Thematic: History and Anthropology, Maritime Anthropology; Anthropology of Religion, Anthropology of Humanitarianism
Regional: Mediterranean; Middle East
Courses taught in English
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Nefissa Naguib`s work is inspired by her interest to understand the contemporary world and to understand human and more-than-human interactions. Her research has involved fieldwork in several culturally complex societies in the Mediterranean basin, Brazil, Norway and Spain. Her book Water, Women and Memory: was about water as an agent of history. The book, framed as a postcolonial ethnography, made an argument about writing that attends to complex historic and social dynamics. With the publication of Interpreting Welfare and Relief in the Middle East (co-edited with Inger Marie Okkenhaug), she addresses the period between 1850 and 2005, a time span of colonization, occupations, wars and conflicts. As a follow-up, Nefissa co-produced War, Women, Welfare in Jerusalem (nominated for Al Jazeera documentary film festival 2010).
Her monograph Nurturing Masculinities: Men, Food and Family in Contemporary Egypt is a reframing of gender in the Middle East. It contributes to the transnational gendered representations of men and women in Arab societies. Her most recent book Reconceiving Muslim Men: Love and Marriage, Family and Care in Precarious Times (co-edited with Marcia C. Inhorn) describes new ways of being men, despite the persistence of old patriarchal norms, and offers new understandings of the meaning of concepts such as care and nurturing and of gender itself.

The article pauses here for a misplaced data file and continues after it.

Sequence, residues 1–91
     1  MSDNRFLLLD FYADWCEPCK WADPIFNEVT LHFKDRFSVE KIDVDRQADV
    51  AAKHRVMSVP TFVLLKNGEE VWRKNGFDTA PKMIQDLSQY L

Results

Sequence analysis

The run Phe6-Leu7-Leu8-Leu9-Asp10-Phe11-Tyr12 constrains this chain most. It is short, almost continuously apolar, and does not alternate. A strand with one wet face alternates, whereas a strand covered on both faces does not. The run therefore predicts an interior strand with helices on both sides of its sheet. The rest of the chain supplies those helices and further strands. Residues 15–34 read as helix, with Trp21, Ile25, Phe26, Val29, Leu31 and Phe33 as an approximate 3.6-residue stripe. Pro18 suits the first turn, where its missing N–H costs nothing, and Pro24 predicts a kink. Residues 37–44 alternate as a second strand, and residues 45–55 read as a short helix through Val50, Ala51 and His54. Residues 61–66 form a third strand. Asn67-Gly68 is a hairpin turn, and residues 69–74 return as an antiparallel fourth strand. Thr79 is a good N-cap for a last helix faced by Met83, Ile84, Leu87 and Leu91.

In addition, she have explored the parallels between migration and globalization in her articles on Middle East minorities, particularly Jews and Armenians: both played important roles in colonial history.
In subsequent years, she has refined her work on history and anthropology, writing a series of articles addressing breakthrough events. Results of this research are evident in some of her recent articles on humanitarianism.
Nefissa Naguib retains her interest to bridge the gap between anthropology, history and global politics in her current research project titled Merging Seas, Channelling Seafarers: A maritime anthropology of human and more-than-human circulations & cultures across the Suez Canal.